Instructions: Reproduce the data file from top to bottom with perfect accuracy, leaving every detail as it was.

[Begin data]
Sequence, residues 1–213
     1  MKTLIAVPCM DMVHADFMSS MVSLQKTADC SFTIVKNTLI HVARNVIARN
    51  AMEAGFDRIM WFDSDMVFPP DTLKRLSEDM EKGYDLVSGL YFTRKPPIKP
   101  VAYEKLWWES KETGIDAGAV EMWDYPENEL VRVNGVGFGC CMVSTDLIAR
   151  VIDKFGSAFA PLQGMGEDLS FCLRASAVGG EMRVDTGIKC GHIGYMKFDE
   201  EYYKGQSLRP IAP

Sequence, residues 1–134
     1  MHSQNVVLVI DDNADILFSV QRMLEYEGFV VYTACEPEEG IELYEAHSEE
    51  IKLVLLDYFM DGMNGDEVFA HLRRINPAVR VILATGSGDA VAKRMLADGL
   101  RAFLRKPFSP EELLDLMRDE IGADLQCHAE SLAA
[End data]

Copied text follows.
Sequence, residues 1–213
     1  MKTLIAVPCM DMVHADFMSS MVSLQKTADC SFTIVKNTLI HVARNVIARN
    51  AMEAGFDRIM WFDSDMVFPP DTLKRLSEDM EKGYDLVSGL YFTRKPPIKP
   101  VAYEKLWWES KETGIDAGAV EMWDYPENEL VRVNGVGFGC CMVSTDLIAR
   151  VIDKFGSAFA PLQGMGEDLS FCLRASAVGG EMRVDTGIKC GHIGYMKFDE
   201  EYYKGQSLRP IAP

Sequence, residues 1–134
     1  MHSQNVVLVI DDNADILFSV QRMLEYEGFV VYTACEPEEG IELYEAHSEE
    51  IKLVLLDYFM DGMNGDEVFA HLRRINPAVR VILATGSGDA VAKRMLADGL
   101  RAFLRKPFSP EELLDLMRDE IGADLQCHAE SLAA